• Seeing Sideways: A Memoir of Music and Motherhood. University of Texas Press, 2021. ISBN 978-1477312346.


  1. ^ Erlewine, Stephen Thomas. "Kristin Hersh | Biography & History". AllMusic. Retrieved December 12, 2016.
  2. ^ Richards, John. "Nerves Exposed, Hersh Sings One for the Oddballs". NPR. Retrieved October 24, 2016.
  3. ^ a b Strauss, Neil (March 9, 1995). "My So-Called Double Life: Kristin Hersh of Throwing Muses Finds the Common Ground Between Motherhood and Rock & Roll". Rolling Stone. Retrieved July 5, 2016.
  4. ^ a b c Lewis, Judith (March 11, 2004). "Faster, Louder, Harder". LA Weekly. Retrieved July 1, 2016.
  5. ^ "Beautiful Old Betty". September 27, 2007. Retrieved August 16, 2015.
  6. ^ a b Sheffield, Rob (October 8, 2010). "Punk Days". The New York Times. Archived from the original on April 3, 2011. Retrieved June 22, 2020.
  7. ^ Throwing Muses Biography 4AD Artists. Retrieved on October 20, 2015.
  8. ^ Appearances Archive 1985–1989. Retrieved on July 6, 2016.
  9. ^ Erlewine, Stephen Thomas (2003). "Kristin Hersh". AllMusic. Retrieved June 27, 2016.
  10. ^ a b Freydkin, Donna (August 19, 1999). "Kristin Hersh checks into her Sky Motel". CNN Interactive. Retrieved June 27, 2016.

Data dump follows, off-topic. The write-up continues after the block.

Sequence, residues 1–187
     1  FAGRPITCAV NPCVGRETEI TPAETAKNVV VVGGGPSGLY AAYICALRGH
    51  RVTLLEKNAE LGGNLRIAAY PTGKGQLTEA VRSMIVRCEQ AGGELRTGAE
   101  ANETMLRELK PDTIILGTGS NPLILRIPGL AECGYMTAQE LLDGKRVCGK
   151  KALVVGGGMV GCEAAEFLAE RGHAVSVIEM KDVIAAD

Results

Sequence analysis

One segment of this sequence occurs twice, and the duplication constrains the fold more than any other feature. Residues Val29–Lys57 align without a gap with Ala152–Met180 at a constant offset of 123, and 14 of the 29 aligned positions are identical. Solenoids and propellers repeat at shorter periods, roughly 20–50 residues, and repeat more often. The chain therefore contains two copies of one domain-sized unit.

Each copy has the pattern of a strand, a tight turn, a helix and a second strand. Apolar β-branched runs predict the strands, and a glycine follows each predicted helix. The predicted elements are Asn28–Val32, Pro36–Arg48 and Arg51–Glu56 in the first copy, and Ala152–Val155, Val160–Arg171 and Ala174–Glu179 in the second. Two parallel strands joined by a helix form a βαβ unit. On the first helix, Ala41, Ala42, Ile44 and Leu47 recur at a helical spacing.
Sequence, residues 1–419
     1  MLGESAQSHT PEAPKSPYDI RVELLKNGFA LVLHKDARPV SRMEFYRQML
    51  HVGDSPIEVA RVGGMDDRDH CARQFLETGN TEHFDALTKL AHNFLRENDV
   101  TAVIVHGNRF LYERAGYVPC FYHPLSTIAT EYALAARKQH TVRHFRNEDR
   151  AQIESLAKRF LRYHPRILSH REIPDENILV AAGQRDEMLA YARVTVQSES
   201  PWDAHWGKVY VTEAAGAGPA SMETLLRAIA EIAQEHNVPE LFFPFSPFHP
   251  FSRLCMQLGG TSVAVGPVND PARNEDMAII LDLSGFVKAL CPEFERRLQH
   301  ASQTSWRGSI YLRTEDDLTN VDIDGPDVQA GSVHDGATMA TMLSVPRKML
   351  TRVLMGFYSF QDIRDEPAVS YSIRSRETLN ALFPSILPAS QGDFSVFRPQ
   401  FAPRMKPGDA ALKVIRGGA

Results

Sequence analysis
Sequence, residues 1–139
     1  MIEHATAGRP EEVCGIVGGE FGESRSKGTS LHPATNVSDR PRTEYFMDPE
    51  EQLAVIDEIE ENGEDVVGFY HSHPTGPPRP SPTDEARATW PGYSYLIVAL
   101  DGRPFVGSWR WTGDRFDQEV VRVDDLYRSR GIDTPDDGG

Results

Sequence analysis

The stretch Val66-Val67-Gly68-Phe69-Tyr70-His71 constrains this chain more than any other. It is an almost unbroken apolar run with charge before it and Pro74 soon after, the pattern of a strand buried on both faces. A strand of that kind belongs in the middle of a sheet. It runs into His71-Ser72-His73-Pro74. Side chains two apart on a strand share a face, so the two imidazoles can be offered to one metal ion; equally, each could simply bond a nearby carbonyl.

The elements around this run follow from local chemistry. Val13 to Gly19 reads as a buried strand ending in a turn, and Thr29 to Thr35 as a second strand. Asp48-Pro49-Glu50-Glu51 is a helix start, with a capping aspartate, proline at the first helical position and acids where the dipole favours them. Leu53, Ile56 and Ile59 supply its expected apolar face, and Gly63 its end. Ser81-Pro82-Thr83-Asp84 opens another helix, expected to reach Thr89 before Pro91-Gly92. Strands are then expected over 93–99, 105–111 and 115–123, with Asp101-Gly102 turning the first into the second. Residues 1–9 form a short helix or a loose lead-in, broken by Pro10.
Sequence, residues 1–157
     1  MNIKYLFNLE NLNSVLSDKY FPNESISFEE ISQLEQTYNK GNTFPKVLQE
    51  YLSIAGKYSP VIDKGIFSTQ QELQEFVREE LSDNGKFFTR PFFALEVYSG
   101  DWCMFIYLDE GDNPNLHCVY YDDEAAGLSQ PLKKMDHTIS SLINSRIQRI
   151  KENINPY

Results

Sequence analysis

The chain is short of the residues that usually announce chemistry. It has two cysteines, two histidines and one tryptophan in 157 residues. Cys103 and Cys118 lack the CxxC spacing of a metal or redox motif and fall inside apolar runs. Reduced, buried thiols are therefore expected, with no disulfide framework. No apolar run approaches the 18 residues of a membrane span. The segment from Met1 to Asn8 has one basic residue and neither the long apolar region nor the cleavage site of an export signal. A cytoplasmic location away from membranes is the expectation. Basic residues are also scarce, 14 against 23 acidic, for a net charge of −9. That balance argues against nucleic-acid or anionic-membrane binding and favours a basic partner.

11. ^ London, Larry (February 26, 2007). "Kristin Hersh Releases New CD". VOA News. Voice of America. Archived from the original on November 17, 2008. Retrieved January 1, 2009.
  12. ^ Dye, David (February 21, 2007). "Kristin Hersh: Accessible and Off-Kilter". NPR. Retrieved on October 24, 2016.
  13. ^ Sisario, Ben (March 25, 2012). "Bringing an Open-Source Ethos to Bands". New York Times. Retrieved June 22, 2020.
  14. ^ a b "Strange Angels | Kristin Hersh". Retrieved November 27, 2019.
  15. ^ 50FootWave Power+Light. CASH Music. Retrieved June 22, 2020.
  16. ^ Pan, Arnold (November 21, 2013). "'A Keyhole View of Our Goofy World' – Kristin Hersh on Purgatory / Paradise". PopMatters. Retrieved on October 20, 2015.
  17. ^ Whitmore, Laura B. (December 4, 2013). "Guitar Girl'd: Interview with Kristin Hersh of Throwing Muses on New Release, 'Purgatory/Paradise'". Guitar World. Retrieved July 6, 2016.
  18. ^ Martin, Ryan (September 1, 2016). "Kristin Hersh to Release Double CD/Book "Wyatt at the Coyote Palace"". Retrieved June 22, 2020.
  19. ^ Powers, Ann (October 27, 2016). "Review: Kristin Hersh, 'Wyatt At The Coyote Palace'". NPR. Retrieved June 22, 2020.
  20. ^ Minsker, Evan (August 29, 2016). "Kristin Hersh Announces New Album and Book Wyatt at the Coyote Palace". Pitchfork. Retrieved June 22, 2020.
  21. ^ "Kristin Hersh: Possible Dust Clouds — a vibrant set of songs". Financial Times. October 5, 2018. Retrieved June 22, 2020.
  22. ^ Brodsky, Rachel (October 2, 2018). "Throwing Muses' Kristin Hersh On Disassociation, Accessing Lost Memories, And Possible Dust Clouds". Stereogum. Retrieved June 22, 2020.
  23. ^ Martoccio, Angie (February 25, 2020). "Throwing Muses Announce New Album, Drop 'Dark Blue'". Rolling Stone. Retrieved April 16, 2020.